The work was reviewed favorably. Ichikawa operates as an art historian, having enacted two of Fluxus-member Alison Knowles's event scores, namely #5 Wounded Furniture and #3 Nivea Cream Piece; the latter was live-blogged online and well-received, with Hyperallergic's Kyle Chayka writing that it was "definitely among favorites." In 2015, Ichikawa wrote about the Japanese American incarceration through the photography of Dorothea Lange, Ansel Adams, Toyo Miyatake for Hyperallergic, which went viral, shared over 8,000 times on Facebook. In 2018, she reminded New York art world readers about the Golden Venture incident, which marked the start of contemporary punitive U. S. immigration policies under President Clinton. In the Aughts, she created an Internet art piece that simulated a series of imagined art installations; the multi-hyphenate has created a series of Facebook groups themed around food organized by color, touching upon issues of cultural identity, food sourcing, environmental concerns, greenwashing while sharing nutrition and cost-cutting tips: I ♥ Yellow Food, I ♥ Orange Food, I ♥ Red Food, I ♥ Green Food, I ♥ Blue Food.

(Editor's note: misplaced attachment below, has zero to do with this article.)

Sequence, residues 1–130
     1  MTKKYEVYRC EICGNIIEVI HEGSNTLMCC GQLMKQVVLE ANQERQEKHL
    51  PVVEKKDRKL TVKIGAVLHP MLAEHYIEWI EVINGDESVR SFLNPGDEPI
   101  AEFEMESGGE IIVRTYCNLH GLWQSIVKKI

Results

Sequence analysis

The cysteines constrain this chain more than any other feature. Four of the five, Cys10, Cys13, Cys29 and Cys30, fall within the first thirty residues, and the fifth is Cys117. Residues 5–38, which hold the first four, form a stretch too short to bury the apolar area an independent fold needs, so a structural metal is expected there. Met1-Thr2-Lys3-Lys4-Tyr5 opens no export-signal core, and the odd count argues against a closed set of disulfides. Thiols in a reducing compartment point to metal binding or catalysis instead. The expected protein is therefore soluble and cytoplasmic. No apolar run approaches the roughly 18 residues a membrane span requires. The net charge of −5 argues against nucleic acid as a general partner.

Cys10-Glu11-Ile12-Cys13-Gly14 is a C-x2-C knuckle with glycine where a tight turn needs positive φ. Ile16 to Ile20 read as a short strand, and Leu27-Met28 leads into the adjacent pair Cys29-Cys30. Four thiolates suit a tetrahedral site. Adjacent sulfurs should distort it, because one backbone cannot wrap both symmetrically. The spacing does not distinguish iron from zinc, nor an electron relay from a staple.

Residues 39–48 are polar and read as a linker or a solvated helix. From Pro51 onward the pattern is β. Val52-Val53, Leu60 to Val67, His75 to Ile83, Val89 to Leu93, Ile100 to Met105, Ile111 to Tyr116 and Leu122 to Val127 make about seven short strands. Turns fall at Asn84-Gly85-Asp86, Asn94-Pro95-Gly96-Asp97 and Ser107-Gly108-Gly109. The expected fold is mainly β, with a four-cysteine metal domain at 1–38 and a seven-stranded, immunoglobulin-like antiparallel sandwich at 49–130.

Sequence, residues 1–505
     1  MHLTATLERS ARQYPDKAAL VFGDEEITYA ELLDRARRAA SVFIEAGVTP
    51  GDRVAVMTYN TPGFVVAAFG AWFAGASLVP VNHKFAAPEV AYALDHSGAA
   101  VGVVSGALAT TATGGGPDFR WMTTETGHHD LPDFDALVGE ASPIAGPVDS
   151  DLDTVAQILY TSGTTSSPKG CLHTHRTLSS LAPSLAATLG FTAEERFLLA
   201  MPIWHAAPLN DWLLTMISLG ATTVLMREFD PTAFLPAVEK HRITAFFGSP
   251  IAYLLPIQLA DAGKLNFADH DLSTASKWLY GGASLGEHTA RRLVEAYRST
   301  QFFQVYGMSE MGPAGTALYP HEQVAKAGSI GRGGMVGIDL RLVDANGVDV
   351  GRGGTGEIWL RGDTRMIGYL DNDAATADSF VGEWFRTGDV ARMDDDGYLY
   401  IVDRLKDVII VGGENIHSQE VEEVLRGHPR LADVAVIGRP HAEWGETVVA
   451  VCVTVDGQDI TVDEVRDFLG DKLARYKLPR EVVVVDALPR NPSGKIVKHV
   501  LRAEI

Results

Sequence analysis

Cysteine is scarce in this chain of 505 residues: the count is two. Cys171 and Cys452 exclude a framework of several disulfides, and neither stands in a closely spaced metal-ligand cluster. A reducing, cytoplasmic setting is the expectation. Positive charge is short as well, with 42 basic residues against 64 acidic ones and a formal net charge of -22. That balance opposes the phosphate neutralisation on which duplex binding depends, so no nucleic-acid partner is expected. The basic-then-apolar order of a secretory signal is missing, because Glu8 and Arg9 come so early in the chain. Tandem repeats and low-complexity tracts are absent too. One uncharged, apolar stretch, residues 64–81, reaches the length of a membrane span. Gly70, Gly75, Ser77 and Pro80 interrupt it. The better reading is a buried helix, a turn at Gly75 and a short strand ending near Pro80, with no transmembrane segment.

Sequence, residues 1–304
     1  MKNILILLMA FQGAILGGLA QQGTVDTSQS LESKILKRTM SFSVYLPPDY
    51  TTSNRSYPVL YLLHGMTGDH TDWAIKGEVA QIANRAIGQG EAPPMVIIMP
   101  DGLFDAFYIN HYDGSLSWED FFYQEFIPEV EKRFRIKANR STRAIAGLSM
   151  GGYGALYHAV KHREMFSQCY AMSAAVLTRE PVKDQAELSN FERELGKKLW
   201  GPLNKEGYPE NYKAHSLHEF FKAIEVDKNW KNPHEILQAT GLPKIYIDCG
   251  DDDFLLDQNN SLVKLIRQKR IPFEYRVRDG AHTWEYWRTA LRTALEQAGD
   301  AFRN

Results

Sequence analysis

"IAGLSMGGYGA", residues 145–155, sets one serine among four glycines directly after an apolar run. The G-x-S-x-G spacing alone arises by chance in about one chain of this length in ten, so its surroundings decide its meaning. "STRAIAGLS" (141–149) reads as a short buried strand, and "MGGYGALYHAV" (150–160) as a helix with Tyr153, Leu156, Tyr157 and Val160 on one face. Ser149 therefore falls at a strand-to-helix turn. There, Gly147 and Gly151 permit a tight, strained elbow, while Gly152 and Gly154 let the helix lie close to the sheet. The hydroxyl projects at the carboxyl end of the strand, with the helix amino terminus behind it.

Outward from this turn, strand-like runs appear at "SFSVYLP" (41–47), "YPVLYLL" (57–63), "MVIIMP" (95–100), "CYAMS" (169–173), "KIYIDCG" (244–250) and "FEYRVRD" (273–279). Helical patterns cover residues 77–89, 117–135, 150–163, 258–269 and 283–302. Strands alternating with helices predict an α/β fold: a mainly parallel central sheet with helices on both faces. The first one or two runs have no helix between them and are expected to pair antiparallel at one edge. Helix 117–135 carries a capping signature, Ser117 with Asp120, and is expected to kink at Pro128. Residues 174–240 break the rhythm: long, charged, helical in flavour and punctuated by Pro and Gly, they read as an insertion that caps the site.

While not supportive of Facebook's history of massive online-privacy violations, its carrying the 2016 Republican National Convention, along with other mainstream media, its other roles in the empowerment of Trump's presidential candidacy, she viewed the social media site as an effective, user-friendly way to include as many participants as possible, as as possible. She has turned to Instagram, bought by the company in 2012. Ichikawa's art before 2005 was in installation art, built around the placement and assembly of basic construction materials in galleries and other spaces, she presented one such piece as her solo exhibition at Momenta Art and another at Andrew Kreps gallery in a group exhibition curated by Dean Daderko, now a curator at the Contemporary Arts Museum Houston. The series evolved into a Net.art piece, Where Do We Come From? What Are We? Where Are We Going?, permanently stored on Rhizome.org. She has written on contemporary art for Flash Art on the work of Ken Lum, Laurel Nakadate, Dan Peterson, Yasue Maetake, for NY Arts magazine, the work of British artists Jane and Louise Wilson and for zingmagazine, the work of Iranian-American public artist Siah Armajani.